The use of powerful vacuum pumps creates problems when a filter bag tears. Unfiltered slurry containing iron ore fillings, coal particles or other industrial particulates is then forcefully drawn into the conduit and causes erosion and failure within the conduit. The erosion is particularly severe within a section of the conduit opposite the aperture leading to the filter bag.
Various modifications and improvements to the disc filter assembly have been sought to improve the reliability of the central core and to lessen the cost of the repair and replacement due to the wear and tear of the central shaft.
The conventional but unsatisfactory solution to the problem of erosion is to make the central core from a solid cylindrical piece of cast iron. The conduit passageways are radially placed around axis of the core with a substantially thick iron wall surrounding each conduit. The central area of the iron core is hollowed to provide a lighter weight iron core. When a conduit is eroded, the conduit is rebored a little wider. However, the erosion eventually eats away to the hollow central area of the core, causing a break in the conduit. The break in the conduit renders the conduit inoperative, and causes a general loss of vacuum efficiency.
Replacement of the eroded iron core is costly and time-consuming. Part of the high cost of replacing the iron core is due to the fine machining required to have different sections of the iron core aligned correctly with other sections so that they rotate around their axis without wobble. The time required to replace the iron core is great since the whole filter disc assembly must be disassembled and reassembled onto the new iron core.
Since replacement of the iron core is expensive and time-consuming, the eroded conduit would be plugged up at the point of erosion. At least one filter disc bag would become inoperative, since the plug would block any passage from the filter bag to the conduit. The iron core is used until a number of filter bags become inoperative due to a plurality of plugs sealing off major sections of the conduits. The economics of replacing an iron core demanded that a crippled iron core be used long beyond the point where the iron core is being used efficiently.
Various solutions to the erosion problem have been proposed. In the U.S. Pat. No. 3,659,716, issued to Peterson et al on May 2, 1972, certain of the problems were explicitly aproached. The Peterson et al patent discloses a filter disc central core assembly comprising a plurality of longitudinal pipes having a rectangular shape with reinforced surfaces on the opposite side of the apertures in the pipes. At the apertures of the rectangular pipes, removable castings are attached thereto. The castings have angled walls which receive the blasting force of the filtrate. The removable castings would have to be replaced at regular intervals of time. A combination of the reinforced surface opposite the aperture and the castings designed to receive the force of the flow is designed to increase the time interval before the necessary replacement of the center core.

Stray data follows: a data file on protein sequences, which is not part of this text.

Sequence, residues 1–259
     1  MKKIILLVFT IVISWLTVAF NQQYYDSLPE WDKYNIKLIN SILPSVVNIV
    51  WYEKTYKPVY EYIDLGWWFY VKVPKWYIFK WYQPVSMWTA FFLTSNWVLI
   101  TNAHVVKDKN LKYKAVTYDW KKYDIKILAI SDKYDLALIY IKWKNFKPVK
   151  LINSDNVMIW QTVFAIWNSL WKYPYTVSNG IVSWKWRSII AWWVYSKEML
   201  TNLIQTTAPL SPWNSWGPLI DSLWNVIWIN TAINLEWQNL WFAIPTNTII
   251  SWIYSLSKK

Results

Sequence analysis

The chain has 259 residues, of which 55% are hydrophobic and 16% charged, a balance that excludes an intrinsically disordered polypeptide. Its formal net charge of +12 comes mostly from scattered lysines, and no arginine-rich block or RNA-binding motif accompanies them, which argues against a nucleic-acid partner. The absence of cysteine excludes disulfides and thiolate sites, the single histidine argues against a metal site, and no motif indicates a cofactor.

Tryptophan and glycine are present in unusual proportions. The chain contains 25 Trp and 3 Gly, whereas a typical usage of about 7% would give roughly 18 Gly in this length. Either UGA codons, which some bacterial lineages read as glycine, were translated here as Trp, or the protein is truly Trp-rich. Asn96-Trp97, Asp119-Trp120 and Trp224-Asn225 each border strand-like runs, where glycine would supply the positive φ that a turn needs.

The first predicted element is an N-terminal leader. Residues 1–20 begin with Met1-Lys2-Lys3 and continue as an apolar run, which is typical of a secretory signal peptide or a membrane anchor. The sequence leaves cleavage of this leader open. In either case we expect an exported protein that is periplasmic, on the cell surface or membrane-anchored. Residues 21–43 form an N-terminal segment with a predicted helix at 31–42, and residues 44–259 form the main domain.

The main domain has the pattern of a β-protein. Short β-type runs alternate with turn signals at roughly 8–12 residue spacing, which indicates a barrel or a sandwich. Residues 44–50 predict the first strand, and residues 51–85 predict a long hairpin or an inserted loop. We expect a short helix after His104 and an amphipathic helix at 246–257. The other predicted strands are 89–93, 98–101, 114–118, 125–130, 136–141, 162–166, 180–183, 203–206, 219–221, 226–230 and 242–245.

Another proposed solution to ease the repairing cost is disclosed in the U.S. Pat. No. 2,894,632 issued to R. B. Myers on July 14, 1959. The Myers reference discloses modified filter segments integrally connected to a pipe segment which are rotatably mounted onto a central shaft. If the filter segment is ripped or the pipe segment is worn, only that section need be replaced. However, the invention disclosed in the Myers reference is not compatable to be incorporated in part with the conventional central cores and conventional disc filter bags.
According to the invention, a filter disc central core is a fabricated structure. A plurality of pipe segments are circumferentially positioned about the central core. Each pipe segment has a hollow interior. The hollow interior of at least one pipe segment forms a passageway for the flow of filtrate therethrough. Preferably the pipe segments are secured to an elongated skeletal fabrication and aligned so that at least one conduit passageway is formed through the interior of the aligned pipe segments. Most of the pipe segments have at least one side aperture where the filter disc may have its nozzle connected to the pipe segment to form a passageway from the filter to the pipe segments. Between each aligned pipe segment are means to maintain the alignment and to maintain a leakproof conduit passageway. A vacuum means is in fluid communication with the conduit passageway.